The 5 Stages of Group Development

No teams are exactly alike, but they all have similar, predictable characteristics. Team member differences can create conflicts during the initial phases of team building but can also encourage creativity and team growth as a result.

In project management, team growth is essential to improving project performance. In fact, the number one global workforce trend is teamwork, according to a 2019 Deloitte survey conducted across 130 countries.

The Project Management Book of Knowledge (PMBOK®) outlines the stages of group development that help determine the status of any project team. Then, the book lists the objectives a project manager should have throughout the process.

The 5 Stages of Group Development

The model that project managers typically use to describe and improve team development is the Tuckman Ladder. This model is based on Bruce Tuckman’s 1965 theory that teams will go through every stage, regardless of order or time spent on each one. The Tuckman Ladder is an influential model that has over 50 years of empirical studies and 5,980 citations in Google Scholar. The popularity of this model is due, in part, to its accurate approach to group behavior and how it improves over time.

1.     Forming

This phase sees a group of people come together for the first time to become members of a team. They learn more about the project, their roles and responsibilities. It’s common for team members to work independently during this time and not be as open to collaboration or feedback.

A closer look: During this stage, leaders and team members should invest time in listening and understanding each other before beginning to work. During initial conversations, a clear idea of each member’s responsibility and expected behavior should be laid out as well.

2.     Storming

During this phase, the team begins to address the details of the project’s work. The process includes reviewing technical decisions and the project management approach. “Storming” is an accurate name to describe the failure if team members don’t collaborate or open to differing ideas and perspectives from their colleagues. And, yes, teams can get stuck in this phase for years. If no consensus arises, the team environment can become counterproductive and some team members can isolate themselves due to the access to virtual communication.

A closer look: During conflicts in this phase, angry emails should rest in the Drafts folder before being sent in the morning. Members should try to focus on delivering sincere but toned-down feedback and freely positive feedback to other team members. Here, suggestions should be considered contributions and not criticism.

3.     Norming

At this point, a responsible project manager would’ve taken the lead to resolve any internal issues related to technicalities and management approaches. This is when members begin to embrace teamwork by developing habits and adjusting their behaviors to support the entire team. The team members learn to trust each other.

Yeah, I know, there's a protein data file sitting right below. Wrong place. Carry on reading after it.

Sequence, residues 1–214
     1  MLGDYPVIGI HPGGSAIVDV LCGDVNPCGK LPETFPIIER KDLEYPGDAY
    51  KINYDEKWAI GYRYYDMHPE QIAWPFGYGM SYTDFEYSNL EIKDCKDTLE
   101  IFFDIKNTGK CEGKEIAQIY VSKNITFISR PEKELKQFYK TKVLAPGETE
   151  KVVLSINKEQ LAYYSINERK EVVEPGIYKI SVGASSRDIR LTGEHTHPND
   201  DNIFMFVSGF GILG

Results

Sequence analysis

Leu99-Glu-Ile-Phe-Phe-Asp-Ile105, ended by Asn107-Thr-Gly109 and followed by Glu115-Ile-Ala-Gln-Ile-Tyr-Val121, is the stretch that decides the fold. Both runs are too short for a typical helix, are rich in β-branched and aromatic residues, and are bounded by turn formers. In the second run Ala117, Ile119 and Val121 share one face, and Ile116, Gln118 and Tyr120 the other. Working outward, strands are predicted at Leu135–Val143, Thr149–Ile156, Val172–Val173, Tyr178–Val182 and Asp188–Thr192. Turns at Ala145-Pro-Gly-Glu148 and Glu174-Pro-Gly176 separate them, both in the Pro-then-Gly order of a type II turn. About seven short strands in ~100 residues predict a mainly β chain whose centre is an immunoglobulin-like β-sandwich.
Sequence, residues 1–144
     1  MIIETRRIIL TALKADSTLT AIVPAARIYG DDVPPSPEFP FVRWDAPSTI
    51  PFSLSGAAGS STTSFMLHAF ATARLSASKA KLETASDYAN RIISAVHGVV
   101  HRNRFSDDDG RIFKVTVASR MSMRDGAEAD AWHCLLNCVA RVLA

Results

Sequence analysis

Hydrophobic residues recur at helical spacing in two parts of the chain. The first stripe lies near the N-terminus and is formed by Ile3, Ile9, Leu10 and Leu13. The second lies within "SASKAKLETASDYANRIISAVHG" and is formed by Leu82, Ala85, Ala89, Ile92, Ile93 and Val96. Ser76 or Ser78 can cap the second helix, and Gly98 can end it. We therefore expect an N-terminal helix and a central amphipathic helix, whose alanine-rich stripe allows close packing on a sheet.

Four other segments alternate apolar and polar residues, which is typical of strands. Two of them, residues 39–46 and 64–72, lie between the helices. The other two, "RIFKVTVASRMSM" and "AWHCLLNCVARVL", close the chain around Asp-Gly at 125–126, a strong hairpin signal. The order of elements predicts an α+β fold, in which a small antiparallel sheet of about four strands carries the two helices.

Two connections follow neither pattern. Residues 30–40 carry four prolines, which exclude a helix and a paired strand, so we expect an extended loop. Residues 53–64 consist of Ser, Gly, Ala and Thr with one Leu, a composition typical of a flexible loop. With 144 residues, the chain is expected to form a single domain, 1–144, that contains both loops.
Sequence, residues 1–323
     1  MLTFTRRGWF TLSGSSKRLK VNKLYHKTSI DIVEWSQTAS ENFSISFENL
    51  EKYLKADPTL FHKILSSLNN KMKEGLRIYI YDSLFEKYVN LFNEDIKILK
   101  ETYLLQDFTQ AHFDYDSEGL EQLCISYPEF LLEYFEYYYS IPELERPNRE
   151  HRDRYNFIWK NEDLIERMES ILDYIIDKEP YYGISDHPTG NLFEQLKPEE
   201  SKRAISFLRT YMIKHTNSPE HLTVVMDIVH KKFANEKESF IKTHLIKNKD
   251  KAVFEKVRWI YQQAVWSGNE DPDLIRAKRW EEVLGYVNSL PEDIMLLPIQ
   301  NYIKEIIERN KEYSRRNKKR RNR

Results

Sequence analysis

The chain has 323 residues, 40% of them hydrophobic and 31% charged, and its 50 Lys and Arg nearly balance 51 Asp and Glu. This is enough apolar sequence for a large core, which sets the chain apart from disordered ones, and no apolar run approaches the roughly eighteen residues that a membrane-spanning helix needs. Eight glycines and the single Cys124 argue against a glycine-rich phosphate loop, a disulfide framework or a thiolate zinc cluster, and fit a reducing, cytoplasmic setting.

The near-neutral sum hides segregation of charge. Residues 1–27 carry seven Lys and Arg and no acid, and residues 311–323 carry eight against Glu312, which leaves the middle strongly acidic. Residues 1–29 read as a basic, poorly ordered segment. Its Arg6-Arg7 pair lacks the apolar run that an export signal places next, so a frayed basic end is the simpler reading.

A closer look:  During this stage, leaders should use a coaching technique to help resolve conflicts. As the norming phase becomes a middle point for the team, they can begin to show their project manager that they’re flexible and knowledgeable enough to work alone and look at a wider scope of the project.

4.     Performing

When the team reaches the performing stage, they’re able to function as a well-organized unit. They are independent and don’t need constant supervision because they can work through issues smoothly and effectively. This is their time to shine.

A closer look: This phase can find leaders and team members acknowledging each other’s contributions and showing their gratitude to one another. Credit will be placed where credit is due. This simple action generates a chain of trust and empowerment needed to move on to the final phase of a project.

5.     Adjourning

In this phase, all things must come to an end. Deliverables are complete, the staff is released and the team is ready for closure. Based on the behavioral nature of people’s attachments to routines, this phase can include an emotional moment of reflection for each team member. Depending on the overall team flow, some groups proceed to develop new initiatives or pass on collective cultural memory to newcomers of the organization.

A closer look: In essence, this can be a time to express gratefulness and recognition of member’s achievements. Project managers who report back to stakeholders after a project completion should inform them of the team’s recognition.

What if a Team is Stuck on a Phase?

According to Tuckman’s model, it’s natural for teams to find themselves stuck in a phase or regress to an earlier stage. Rather than focusing on the negative outcomes, project managers must figure out what tools to use to solve development issues. Project managers can use the following skills to move on:

  • Conflict management: The project manager must resolve conflicts on time and in a constructive way.
  • Influencing: This act can mean gathering relevant information to address critical issues and reach agreements while maintaining mutual trust.
  • Motivation: This means providing a reason for someone to act. Teams are motivated when allowed to make decisions and to work independently.
  • Negotiation: Negotiation means reaching a consensus on project needs. This tool is crucial. Negotiation builds trust and harmony amongst the team members.
  • Team Building: This approach involves creating activities that enhance the team’s social relations and promote a collaborative work environment. Activities can look like 5-minute agenda reviews, training sessions or team assessments.

PMBOK® is a registered mark of the Project Management Institute, Inc.

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